Past Program

Jul 07 - Jul 09, 2004

Institute for Historical Justice and Reconciliation: Historical Memories of Cooperation, Conflict and Reconciliation in Uganda




Salzburg Seminar

Institute for Historical

Justice and Reconciliation


The Practical Application of History for the Contemporary World


Participants Logon Here

SUMMARY: The IHJR's Uganda Project aims to explore Uganda's recent past through the promotion of archival research, academic publications, public discourse, and the engagement of the government, military, academic and independent sectors. The work is funded by an initial grant from the Harry Frank Guggenheim Foundation with additional support from the Rausing Trust. Currently, the Uganda Project is being developed into a multi-year initiative with the long-term goal of creating a clear historical record of events, and the establishment of an historical commission for the country.


BACKGROUND: The origins of the IHJR Uganda Project date back to a meeting on historical reconciliation convened by the Carnegie Council on Ethics and International Affairs at the Rockefeller Brothers Fund's Pocantico Conference Center from February 15 to 16, 2002, which was followed by a visit by an exploratory visit by IHJR co-founder, Elazar Barkan, to Uganda in January 2004. At this time, Barkan established a formal link between the IHJR and the Centre for Basic Research in Kampala. From July 8 to 9, 2004, the IHJR and the Centre for Basic Research convened an exploratory workshop on history and reconciliation. The meeting took place in Jinja,Uganda, and was attended by sixteen participants. The main objective of the workshop was to discuss the role that historical research could help promote reconciliation and peace building efforts in the country, and to explore the potential for the initiation of a long-term project in Uganda. The workshop brought together scholars, political leaders, representatives from the independent sector as well as individuals involved in conflict resolution in Uganda. In September 2004, Patt Mwambutsya, Lecturer, Department of History, Makerere University, Kampala, attended the Salzburg Seminar and discussed modalities for integrating the experience of the Uganda Project with IHJR initiatives in other regions of the world.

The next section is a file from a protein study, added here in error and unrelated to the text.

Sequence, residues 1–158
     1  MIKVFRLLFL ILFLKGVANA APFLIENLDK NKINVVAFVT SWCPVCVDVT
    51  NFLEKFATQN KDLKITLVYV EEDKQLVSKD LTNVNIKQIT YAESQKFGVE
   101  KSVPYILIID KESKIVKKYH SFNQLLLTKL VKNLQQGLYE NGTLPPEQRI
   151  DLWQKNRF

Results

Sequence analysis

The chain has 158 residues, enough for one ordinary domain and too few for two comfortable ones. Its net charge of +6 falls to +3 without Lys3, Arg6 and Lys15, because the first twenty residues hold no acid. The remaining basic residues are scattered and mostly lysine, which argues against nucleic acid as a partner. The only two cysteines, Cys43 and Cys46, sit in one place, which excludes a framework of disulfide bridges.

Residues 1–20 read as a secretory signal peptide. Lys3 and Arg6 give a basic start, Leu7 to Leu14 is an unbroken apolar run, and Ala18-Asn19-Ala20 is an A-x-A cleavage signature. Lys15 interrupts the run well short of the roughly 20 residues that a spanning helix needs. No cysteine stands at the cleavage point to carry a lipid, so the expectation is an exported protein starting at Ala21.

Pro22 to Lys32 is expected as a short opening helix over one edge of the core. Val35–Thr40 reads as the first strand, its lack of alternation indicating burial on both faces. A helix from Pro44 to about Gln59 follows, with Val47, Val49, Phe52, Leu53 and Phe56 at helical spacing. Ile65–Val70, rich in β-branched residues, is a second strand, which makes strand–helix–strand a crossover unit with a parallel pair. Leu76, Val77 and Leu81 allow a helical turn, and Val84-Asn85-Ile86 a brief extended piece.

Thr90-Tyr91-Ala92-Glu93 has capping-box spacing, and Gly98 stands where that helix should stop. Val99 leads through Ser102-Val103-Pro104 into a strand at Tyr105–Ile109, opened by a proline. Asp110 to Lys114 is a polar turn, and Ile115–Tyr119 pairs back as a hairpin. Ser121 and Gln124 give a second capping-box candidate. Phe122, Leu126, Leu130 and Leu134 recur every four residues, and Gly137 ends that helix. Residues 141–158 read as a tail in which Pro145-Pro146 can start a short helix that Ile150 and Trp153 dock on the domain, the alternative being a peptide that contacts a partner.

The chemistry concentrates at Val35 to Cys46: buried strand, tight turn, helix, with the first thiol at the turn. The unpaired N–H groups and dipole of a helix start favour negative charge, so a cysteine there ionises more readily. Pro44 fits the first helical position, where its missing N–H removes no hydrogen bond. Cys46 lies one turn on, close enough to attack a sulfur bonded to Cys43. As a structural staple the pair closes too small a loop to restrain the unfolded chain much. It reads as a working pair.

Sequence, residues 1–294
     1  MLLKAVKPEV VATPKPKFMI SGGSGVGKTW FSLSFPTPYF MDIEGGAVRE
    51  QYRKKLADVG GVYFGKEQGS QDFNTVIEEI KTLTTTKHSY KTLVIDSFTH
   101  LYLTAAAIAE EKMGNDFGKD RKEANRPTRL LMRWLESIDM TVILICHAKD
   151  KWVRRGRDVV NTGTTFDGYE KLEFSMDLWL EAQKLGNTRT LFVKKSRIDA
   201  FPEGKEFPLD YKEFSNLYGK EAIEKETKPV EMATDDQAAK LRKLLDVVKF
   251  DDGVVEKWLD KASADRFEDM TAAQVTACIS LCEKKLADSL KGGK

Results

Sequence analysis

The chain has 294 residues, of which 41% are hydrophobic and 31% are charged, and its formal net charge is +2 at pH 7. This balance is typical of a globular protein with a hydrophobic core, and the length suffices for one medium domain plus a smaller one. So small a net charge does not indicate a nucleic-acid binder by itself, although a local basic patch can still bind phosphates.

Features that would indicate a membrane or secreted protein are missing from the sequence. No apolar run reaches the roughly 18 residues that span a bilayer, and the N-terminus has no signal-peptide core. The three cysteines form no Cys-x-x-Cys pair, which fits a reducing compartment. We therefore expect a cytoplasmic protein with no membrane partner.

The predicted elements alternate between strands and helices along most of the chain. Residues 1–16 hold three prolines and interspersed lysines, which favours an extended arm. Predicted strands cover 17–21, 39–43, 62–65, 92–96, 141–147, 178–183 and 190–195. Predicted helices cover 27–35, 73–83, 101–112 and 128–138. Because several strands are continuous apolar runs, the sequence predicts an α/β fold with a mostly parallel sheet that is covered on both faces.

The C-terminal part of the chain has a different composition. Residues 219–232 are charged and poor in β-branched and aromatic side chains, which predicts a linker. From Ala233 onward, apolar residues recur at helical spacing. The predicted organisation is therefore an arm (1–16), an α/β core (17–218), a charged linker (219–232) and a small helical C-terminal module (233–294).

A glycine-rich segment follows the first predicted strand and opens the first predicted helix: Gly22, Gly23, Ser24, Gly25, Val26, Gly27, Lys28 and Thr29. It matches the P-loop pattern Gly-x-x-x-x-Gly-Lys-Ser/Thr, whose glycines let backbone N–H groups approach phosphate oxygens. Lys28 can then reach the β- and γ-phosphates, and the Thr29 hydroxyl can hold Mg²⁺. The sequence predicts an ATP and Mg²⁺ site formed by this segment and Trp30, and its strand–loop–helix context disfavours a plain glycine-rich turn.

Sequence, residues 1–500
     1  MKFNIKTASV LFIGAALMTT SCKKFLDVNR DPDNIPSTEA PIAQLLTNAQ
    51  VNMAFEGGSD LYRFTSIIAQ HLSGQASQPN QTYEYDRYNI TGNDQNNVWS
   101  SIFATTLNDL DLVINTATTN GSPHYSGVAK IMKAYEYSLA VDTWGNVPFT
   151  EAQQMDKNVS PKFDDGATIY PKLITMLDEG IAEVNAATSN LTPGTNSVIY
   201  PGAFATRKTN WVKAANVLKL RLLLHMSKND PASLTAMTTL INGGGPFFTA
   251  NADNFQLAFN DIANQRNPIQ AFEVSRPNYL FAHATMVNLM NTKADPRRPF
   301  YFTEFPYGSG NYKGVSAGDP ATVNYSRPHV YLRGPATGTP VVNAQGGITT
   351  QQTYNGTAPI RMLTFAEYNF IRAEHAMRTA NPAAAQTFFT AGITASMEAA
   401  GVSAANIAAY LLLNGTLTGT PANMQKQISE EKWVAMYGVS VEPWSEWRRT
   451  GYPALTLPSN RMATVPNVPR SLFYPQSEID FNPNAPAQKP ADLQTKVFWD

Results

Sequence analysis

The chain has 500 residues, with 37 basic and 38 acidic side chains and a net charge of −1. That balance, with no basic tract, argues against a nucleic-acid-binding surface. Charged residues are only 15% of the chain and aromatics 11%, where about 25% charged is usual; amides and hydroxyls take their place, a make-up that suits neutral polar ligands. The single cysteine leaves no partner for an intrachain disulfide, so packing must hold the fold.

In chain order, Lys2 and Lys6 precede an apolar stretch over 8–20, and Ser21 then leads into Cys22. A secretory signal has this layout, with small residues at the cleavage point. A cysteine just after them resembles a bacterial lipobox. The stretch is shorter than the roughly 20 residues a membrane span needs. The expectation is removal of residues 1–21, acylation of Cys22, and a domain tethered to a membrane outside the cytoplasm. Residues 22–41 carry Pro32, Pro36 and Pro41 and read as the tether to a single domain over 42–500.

THE PROJECT: As currently planned, the Uganda Project will last for five years, and will consist of ongoing primary research and historical writing in Uganda with relevant involvement of other IHJR projects. The ultimate goal of these meetings will be three-fold:

  1. To open archives and assemble a body of primary source research material
  2. To engage historians in establishing a historic record based on documented facts
  3. To engage public figures, political, military and religious leaders, educators, and public commentators, in bringing the results to broad public


The dimensions of the IHJR Uganda Project will depend on the availability of funding. It is hoped that in the long-term the project could secure funding from multiple sources both outside as well as within Uganda. For further information on the Uganda Project, please contact:

Patt Mwambutsya

Lecturer, Department of History

Makerere University

Kampala, Uganda

Tel: (41) 531-841


Dr. Elazar Barkan

Professor of History

Claremont Graduate University

710 College Ave.

Claremont, CA 91711

Tel: +1 (909) 6073459


Dr. Timothy W. Ryback

Institute for Historical Justice and Reconciliation

Salzburg Seminar

Schloss Leopoldskron, Box 129

5010 Salzburg, Austria

Tel:43 (662) 839-830